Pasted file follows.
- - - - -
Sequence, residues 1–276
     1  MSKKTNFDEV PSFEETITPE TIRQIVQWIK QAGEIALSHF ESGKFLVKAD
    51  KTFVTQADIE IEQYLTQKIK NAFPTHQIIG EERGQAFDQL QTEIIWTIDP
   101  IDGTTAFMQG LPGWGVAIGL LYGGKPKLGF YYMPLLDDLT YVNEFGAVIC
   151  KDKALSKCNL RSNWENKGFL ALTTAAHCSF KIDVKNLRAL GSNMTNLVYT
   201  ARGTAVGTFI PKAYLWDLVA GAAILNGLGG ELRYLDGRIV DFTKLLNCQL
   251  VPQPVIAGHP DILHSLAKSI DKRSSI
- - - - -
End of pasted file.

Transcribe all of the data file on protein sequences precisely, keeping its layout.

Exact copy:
Sequence, residues 1–276
     1  MSKKTNFDEV PSFEETITPE TIRQIVQWIK QAGEIALSHF ESGKFLVKAD
    51  KTFVTQADIE IEQYLTQKIK NAFPTHQIIG EERGQAFDQL QTEIIWTIDP
   101  IDGTTAFMQG LPGWGVAIGL LYGGKPKLGF YYMPLLDDLT YVNEFGAVIC
   151  KDKALSKCNL RSNWENKGFL ALTTAAHCSF KIDVKNLRAL GSNMTNLVYT
   201  ARGTAVGTFI PKAYLWDLVA GAAILNGLGG ELRYLDGRIV DFTKLLNCQL
   251  VPQPVIAGHP DILHSLAKSI DKRSSI